Q And the definition by the National Academy, as I think you testified is, a well-substantiated explanation of some aspect of the natural world that can incorporate facts, laws, inferences and tested hypotheses, correct?

      A Yes.

      Q Using that definition, you agree intelligent design is not a scientific theory, correct?

      A Well, as I think I made clear in my deposition, I'm a little bit of two minds of that. I, in fact, do think that intelligent design is well substantiated for some of the reasons that I made clear during my testimony. But again, when you say well substantiated, sometimes a person would think that there must be a large number of people then who would agree with that. And so, frankly, I, like I said, I am of two minds of that.

      Q And actually you said at your deposition, I don't think intelligent design falls under this definition. Correct?

      A Yeah, and that's after I said - if I may see where in my deposition that is? I'm sorry.

      Q It's on pages 134 and 135.

      A And where are you - where are you reading from?

      Q I'll be happy to read the question and answer to you. I asked you whether intelligent design - I asked actually on the top of 133, I asked you whether intelligent design qualifies as a scientific theory using the National Academy of Sciences definition.

      A What line is that, I'm sorry?

      Q That's 133, line 18.

      A Is that going - question beginning, "Going back to the National Academy of Science?"

      Q Yes. And you first said, "I m going to say that I would argue that in fact it is." And that's 134, line ten.

      A Yes.

      Q Okay. And I said, "Intelligent design does meet that?" And you said, "It's well substantiated, yes." And I said, "Let's be clear here, I'm asking - looking at the definition of a scientific theory in its entirety, is it your position that intelligent design is a scientific theory?" And you said, going down to line 23, "I think one can argue these a variety of ways. For purposes of an answer to the - relatively brief answer to the question, I will say that I don't think it falls under this." And I asked you, "What about this definition; what is it in this definition that ID can't satisfy to be called a scientific theory under these terms?" And you answer, "Well, implicit in this definition it seems to me that there would be an agreed upon way to decide something was well substantiated. And although I do think that intelligent design is well substantiated, I think there's not - I can't point to external - an external community that would agree that it was well substantiated."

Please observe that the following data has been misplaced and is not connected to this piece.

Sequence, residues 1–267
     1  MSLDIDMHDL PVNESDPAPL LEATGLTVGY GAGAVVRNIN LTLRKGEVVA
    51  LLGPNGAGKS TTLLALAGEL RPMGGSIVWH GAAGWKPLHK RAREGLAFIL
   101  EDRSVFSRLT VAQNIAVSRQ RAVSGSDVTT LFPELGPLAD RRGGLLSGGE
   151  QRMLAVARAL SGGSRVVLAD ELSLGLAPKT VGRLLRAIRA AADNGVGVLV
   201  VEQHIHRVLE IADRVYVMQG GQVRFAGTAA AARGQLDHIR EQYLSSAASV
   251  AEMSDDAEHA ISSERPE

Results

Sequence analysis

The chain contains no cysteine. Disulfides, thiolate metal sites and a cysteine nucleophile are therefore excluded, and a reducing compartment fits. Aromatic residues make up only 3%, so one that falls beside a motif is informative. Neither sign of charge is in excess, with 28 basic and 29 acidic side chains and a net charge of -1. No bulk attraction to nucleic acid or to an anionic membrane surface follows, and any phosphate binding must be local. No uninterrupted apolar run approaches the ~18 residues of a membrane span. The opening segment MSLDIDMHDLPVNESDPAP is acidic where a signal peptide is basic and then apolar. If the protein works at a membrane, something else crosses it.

A Yes.

      Q So for those reasons you said it's not - doesn't meet the National Academy of Sciences definition.

      A I think this text makes clear what I just said a minute or two ago, that I'm of several minds on this question. I started off saying one thing and changing my mind and then I explicitly said, "I think one can argue these things a variety of ways. For purposes of a relatively brief answer to the question, I'll say this." But I think if I were going to give a more complete answer, I would go into a lot more issues about this.

      So I disagree that that's what I said - or that's what I intended to say.

      Q In any event, in your expert report, and in your testimony over the last two days, you used a looser definition of "theory," correct?

      A I think I used a broader definition, which is more reflective of how the word is actually used in the scientific community.

      Q But the way you define scientific theory, you said it's just based on your own experience; it's not a dictionary definition, it's not one issued by a scientific organization.

      A It is based on my experience of how the word is used in the scientific community.

      Q And as you said, your definition is a lot broader than the NAS definition?

      A That's right, intentionally broader to encompass the way that the word is used in the scientific community.

      Q Sweeps in a lot more propositions.

      A It recognizes that the word is used a lot more broadly than the National Academy of Sciences defined it.

      Q In fact, your definition of scientific theory is synonymous with hypothesis, correct?

      A Partly - it can be synonymous with hypothesis, it can also include the National Academy's definition. But in fact, the scientific community uses the word "theory" in many times as synonymous with the word "hypothesis," other times it uses the word as a synonym for the definition reached by the National Academy, and at other times it uses it in other ways.

      Q But the way you are using it is synonymous with the definition of hypothesis?

      A No, I would disagree. It can be used to cover hypotheses, but it can also include ideas that are in fact well substantiated and so on. So while it does include ideas that are synonymous or in fact are hypotheses, it also includes stronger senses of that term.

      Q And using your definition, intelligent design is a scientific theory, correct?

      A Yes.

      Q Under that same definition astrology is a scientific theory under your definition, correct?

      A Under my definition, a scientific theory is a proposed explanation which focuses or points to physical, observable data and logical inferences. There are many things throughout the history of science which we now think to be incorrect which nonetheless would fit that - which would fit that definition. Yes, astrology is in fact one, and so is the ether theory of the propagation of light, and many other - many other theories as well.